Clinical Review

Anterior, apical, posterior: Vaginal anatomy for the gynecologic surgeon

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The SGS Pelvic Anatomy Group is working to establish standard pelvic anatomic terminology for surgeons, with the ultimate goal of improving clinician communication and enhancing patient care



CASE 1 Defining anatomic structures to assure surgical precision

A 44-year-old woman is scheduled for a vaginal hysterectomy and bilateral salpingectomy for abnormal uterine bleeding. In your academic practice, a resident routinely operates with you and is accompanied by a medical student. As this is your first case with each learner, you review the steps of the procedure along with pertinent anatomy. During this discussion, numerous anatomic terms are used to describe anterior cul-de-sac entry, including pubocervical fascia, vesicouterine fold, and vesicovaginal space. Which of these terms, if any, are correct? Is there a preferred term that should be used to teach future learners so we can all “speak” the same language?

What’s in a name?

ObGyns must thoroughly understand pelvic anatomy, since much of our patient care relates to structures in that region. We also must understand the terminology that most appropriately describes each pelvic structure so that we can communicate effectively with colleagues and other providers. The case described above lists several terms that are commonly found in gynecologic textbooks and surgical atlases to describe dissection for vaginal hysterectomy. Lack of a standardized vocabulary, however, often confuses teachers and learners alike, and it highlights the importance of having a universal language to ensure the safe, effective performance of surgical procedures.1

At first glance, it may seem that anatomic terms are inherently descriptive of the structure they represent; for example, the terms uterus and vagina seem rather obvious. However, many anatomic terms convey ambiguity. Which muscles, for example, constitute the levator ani: pubococcygeus, pubovisceral, pubovisceralis, puboperinealis, puboanalis, pubovaginalis, puborectalis, puborectal, iliococcygeus, ischiococcygeus? Do any of these terms redundantly describe the same structure, or does each term refer to an independent structure?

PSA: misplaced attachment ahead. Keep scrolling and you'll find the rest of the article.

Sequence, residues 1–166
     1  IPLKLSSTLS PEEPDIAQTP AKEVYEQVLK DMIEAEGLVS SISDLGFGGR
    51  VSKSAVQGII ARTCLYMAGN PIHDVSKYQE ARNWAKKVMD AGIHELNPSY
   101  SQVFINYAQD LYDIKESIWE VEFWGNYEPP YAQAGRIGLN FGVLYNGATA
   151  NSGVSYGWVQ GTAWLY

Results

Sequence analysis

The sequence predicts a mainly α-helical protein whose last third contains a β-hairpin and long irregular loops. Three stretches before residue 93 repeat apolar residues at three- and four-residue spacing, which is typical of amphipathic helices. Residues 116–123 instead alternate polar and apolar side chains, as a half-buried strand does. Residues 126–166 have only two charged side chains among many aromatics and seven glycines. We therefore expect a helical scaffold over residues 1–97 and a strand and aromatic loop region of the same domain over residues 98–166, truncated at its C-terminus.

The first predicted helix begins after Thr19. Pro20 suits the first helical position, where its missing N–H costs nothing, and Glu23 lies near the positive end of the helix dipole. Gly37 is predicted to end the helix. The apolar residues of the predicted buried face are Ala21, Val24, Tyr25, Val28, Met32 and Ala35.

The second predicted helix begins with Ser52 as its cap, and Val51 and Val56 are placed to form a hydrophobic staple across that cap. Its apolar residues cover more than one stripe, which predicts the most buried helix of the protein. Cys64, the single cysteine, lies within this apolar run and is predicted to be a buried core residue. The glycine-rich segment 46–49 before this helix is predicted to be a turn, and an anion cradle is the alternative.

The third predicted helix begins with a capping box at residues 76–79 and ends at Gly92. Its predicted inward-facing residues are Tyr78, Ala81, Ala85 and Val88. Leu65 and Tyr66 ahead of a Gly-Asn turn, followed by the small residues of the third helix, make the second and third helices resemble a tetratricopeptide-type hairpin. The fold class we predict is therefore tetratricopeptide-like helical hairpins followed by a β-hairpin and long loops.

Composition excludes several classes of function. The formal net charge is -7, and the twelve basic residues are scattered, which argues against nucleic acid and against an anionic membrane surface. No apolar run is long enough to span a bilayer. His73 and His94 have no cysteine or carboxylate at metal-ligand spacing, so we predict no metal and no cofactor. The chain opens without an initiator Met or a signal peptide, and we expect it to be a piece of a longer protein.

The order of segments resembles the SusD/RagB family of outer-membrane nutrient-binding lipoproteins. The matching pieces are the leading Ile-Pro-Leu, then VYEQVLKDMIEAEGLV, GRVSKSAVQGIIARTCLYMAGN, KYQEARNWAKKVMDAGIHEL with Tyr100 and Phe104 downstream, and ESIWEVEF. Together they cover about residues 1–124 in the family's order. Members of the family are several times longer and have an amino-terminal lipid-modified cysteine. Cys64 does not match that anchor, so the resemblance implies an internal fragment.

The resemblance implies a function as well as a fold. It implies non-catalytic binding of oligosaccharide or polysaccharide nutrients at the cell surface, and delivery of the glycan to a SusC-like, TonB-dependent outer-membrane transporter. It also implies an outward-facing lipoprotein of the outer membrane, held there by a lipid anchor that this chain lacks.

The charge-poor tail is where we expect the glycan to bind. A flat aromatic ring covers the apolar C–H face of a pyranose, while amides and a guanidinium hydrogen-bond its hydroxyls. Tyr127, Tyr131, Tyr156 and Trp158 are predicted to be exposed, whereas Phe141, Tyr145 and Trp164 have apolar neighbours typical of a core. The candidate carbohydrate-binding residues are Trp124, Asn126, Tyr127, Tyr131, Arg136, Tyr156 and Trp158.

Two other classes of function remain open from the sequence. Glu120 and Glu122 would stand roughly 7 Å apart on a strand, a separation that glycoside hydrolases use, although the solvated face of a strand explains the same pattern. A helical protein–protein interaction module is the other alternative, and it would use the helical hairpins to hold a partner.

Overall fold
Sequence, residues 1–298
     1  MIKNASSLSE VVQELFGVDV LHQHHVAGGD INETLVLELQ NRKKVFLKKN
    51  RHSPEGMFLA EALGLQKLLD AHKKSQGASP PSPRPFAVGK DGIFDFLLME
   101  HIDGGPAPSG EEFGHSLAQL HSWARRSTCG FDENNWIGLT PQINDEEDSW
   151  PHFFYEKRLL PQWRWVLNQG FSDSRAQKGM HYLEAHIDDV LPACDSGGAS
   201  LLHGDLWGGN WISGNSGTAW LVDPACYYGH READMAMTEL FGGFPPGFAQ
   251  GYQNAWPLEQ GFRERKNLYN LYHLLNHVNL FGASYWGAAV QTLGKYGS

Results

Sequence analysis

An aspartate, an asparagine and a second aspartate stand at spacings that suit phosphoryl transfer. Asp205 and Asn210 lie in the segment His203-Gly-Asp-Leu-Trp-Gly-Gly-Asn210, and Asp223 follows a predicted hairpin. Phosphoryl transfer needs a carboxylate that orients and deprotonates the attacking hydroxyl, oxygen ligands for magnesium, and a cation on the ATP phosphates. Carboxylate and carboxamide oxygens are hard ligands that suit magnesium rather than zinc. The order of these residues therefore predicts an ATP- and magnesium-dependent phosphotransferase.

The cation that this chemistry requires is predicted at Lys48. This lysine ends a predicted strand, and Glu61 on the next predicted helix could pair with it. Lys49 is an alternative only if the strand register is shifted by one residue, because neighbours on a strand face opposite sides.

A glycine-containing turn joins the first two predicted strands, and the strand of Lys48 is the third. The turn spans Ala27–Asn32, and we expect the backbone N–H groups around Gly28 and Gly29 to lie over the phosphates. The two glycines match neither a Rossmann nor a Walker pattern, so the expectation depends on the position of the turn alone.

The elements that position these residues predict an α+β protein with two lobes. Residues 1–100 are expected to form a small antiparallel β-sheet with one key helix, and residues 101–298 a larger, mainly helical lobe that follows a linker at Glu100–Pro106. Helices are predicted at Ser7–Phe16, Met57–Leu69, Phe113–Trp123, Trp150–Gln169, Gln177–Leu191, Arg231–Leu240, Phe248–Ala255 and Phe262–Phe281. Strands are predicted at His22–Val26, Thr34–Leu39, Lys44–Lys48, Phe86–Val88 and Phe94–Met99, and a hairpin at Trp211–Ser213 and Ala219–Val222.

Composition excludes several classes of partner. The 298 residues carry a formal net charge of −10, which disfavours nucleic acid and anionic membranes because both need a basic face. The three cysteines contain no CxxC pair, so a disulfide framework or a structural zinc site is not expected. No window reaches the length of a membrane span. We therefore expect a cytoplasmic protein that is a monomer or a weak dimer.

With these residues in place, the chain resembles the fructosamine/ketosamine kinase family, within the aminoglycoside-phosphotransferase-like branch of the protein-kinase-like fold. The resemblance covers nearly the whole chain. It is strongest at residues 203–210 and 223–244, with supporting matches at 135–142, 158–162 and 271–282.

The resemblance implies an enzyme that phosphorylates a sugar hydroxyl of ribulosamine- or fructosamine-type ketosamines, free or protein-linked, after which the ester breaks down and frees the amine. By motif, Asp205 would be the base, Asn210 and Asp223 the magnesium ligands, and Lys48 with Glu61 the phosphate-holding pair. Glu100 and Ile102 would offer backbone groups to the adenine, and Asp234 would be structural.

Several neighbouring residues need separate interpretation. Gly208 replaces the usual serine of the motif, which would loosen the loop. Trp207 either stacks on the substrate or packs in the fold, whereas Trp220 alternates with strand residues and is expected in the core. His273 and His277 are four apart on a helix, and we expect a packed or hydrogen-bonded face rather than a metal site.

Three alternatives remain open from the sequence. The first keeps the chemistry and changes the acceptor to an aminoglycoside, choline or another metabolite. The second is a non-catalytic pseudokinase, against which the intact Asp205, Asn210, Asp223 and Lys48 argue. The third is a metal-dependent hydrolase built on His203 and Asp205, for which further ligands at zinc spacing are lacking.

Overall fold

Standard terminology is essential

Anatomists long have recognized the need for standardized terminology to facilitate clear communication. To provide historical background, the term anatomy is derived from the Greek word for “dissection” or “to cut open.”2 Records on the scientific study of human anatomy date back thousands of years.

A brief review of current standardized terminology can be traced back to 1895, with the publication of Basle Terminologia Anatomica.3 That work was intended to provide a consolidated reference with clear direction regarding which anatomic terms should be used. It was updated several times during the ensuing century and was later published as Nomina Anatomica.

In 1990, an international committee was formed with representatives from many anatomical organizations, again with the intention of providing standardized anatomic terminology. Those efforts resulted in the publication of Terminologia Anatomica: International Anatomical Terminology, commonly referred to as TA, in 1998. TA continues to be the referent standard for human anatomic terminology; it was most recently updated in 2011.4

CASE 2 Conveying details of mesh erosion

A 52-year-old woman presents to the general gynecology clinic with a 10-year history of pelvic pain and dyspareunia after undergoing vaginal mesh surgery for prolapse and urinary incontinence. On examination, there is a visible ridge of mesh extending from the left side of the midurethra along the anterior and lateral vagina for a length of 1.5 cm. There also is a palpable tight band on the right vaginal wall near the ischial spine that reproduces her pain and causes spasm of the levator ani. You believe the patient needs a urogynecology referral for complications of vaginal mesh. How do you best describe your findings to your urogynecology colleague?

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